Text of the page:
Deep-drawing cup test

The deep-drawing cup test (ISO 11531...) is a sheet metal test method in which a round blank is punched out and then formed into a cup.

Deep-drawing cup test

-according to ISO 11531, DIN EN 1669, ...-

Deep drawing is one of the processes of tension-compression forming as, in contrast to pure deep or stretch forming, there are also local tensile and compressive stresses on the workpiece (e.g. flange on the cup). In practice, many processes, especially in the production of complex geometries such as car body parts, consist of a combination of methods. Generally, however, a hollow body is formed from a sheet blank in each case. It should be noted that in practice, due to the prevailing diversity of geometries, it is not possible to make a general prediction about deep-drawing suitability using a single test method. Therefore, the principle processes are demonstrated in the experiment using the example of cup drawing from flat sheet metal blanks.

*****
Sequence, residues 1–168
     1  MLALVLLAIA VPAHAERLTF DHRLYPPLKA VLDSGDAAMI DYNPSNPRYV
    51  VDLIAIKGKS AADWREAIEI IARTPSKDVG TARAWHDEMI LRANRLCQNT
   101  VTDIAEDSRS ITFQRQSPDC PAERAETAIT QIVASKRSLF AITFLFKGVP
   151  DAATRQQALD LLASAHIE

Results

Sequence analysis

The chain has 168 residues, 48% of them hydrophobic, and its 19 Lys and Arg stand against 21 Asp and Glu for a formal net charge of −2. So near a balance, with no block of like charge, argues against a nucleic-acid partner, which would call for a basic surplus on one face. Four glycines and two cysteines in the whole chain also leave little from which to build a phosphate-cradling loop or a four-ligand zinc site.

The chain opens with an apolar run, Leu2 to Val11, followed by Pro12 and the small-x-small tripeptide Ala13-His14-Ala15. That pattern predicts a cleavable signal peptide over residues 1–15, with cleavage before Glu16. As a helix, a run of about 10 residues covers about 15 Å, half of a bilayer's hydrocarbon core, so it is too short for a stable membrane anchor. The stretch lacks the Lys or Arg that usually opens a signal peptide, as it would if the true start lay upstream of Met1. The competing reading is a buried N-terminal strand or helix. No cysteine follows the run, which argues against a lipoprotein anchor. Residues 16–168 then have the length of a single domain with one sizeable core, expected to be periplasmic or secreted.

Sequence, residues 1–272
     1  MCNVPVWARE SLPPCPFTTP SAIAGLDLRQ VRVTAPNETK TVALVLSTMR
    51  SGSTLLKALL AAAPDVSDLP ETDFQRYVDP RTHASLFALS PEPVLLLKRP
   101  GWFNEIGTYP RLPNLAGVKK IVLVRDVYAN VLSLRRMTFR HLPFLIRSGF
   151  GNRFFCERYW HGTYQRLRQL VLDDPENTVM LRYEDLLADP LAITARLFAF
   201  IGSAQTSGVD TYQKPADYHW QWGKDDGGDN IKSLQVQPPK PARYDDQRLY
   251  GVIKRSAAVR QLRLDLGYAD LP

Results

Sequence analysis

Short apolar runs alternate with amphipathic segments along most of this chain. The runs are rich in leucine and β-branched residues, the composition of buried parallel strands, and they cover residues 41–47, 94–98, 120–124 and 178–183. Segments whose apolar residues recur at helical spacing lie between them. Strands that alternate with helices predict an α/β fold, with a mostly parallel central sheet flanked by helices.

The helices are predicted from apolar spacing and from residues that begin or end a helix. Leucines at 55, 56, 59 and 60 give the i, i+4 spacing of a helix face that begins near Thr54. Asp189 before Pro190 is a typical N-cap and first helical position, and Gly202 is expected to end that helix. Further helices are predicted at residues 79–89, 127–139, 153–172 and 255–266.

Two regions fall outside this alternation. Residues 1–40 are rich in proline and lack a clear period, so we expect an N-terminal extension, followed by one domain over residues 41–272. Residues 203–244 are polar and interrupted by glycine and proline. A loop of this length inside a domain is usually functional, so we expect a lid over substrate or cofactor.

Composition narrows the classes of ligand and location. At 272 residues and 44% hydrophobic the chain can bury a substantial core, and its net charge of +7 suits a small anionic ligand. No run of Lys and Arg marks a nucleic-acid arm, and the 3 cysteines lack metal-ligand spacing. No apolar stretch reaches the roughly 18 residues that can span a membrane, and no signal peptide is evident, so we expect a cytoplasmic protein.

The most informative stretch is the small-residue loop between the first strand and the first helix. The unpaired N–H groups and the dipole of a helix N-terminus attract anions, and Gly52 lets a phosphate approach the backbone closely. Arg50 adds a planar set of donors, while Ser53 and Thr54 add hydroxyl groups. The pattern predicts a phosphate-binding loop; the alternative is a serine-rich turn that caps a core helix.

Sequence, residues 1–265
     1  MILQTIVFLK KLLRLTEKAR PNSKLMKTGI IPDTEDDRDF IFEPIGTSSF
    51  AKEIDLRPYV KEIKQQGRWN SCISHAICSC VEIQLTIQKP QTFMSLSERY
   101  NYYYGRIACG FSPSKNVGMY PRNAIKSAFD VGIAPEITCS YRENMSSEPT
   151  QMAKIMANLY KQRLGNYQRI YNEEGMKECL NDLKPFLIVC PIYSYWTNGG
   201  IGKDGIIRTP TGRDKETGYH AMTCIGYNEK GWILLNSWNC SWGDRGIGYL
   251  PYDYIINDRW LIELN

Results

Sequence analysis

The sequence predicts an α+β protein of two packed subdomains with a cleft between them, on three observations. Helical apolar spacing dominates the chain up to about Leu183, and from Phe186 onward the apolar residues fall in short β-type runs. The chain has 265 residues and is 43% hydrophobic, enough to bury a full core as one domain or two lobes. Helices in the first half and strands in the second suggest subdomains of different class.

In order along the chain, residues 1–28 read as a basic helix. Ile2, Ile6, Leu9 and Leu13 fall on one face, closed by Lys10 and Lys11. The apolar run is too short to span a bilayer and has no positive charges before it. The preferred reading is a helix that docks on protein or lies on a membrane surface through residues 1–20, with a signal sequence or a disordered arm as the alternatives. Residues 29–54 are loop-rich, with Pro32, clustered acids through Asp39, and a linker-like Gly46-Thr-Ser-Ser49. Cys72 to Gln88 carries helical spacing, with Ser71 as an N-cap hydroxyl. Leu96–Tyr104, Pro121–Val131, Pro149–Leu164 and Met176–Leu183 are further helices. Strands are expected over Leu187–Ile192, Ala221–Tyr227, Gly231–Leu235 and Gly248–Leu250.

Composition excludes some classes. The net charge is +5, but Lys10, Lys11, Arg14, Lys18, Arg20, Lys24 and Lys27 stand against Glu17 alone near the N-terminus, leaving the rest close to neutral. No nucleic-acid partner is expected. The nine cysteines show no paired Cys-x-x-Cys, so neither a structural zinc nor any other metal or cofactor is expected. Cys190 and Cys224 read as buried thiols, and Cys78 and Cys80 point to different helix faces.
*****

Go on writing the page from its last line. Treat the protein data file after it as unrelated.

Test principle

The deep-drawing cup test is a sheet metal testing method in which a circular plate (round blank) is punched out of a sheet metal strip and then formed into a cup by a drawing die. The largest possible ratio between the diameter of the round blank and the diameter of the drawing die, which just allows the perfect production of a cup, is called the limiting drawing ratio >>ßmax<< and is a quality characteristic for the forming capacity of the sheet metal material.

Deep drawing cup test

The deep-drawing ratio for cups is calculated by dividing the diameter d0 of the round blank by the diameter dS of the punch.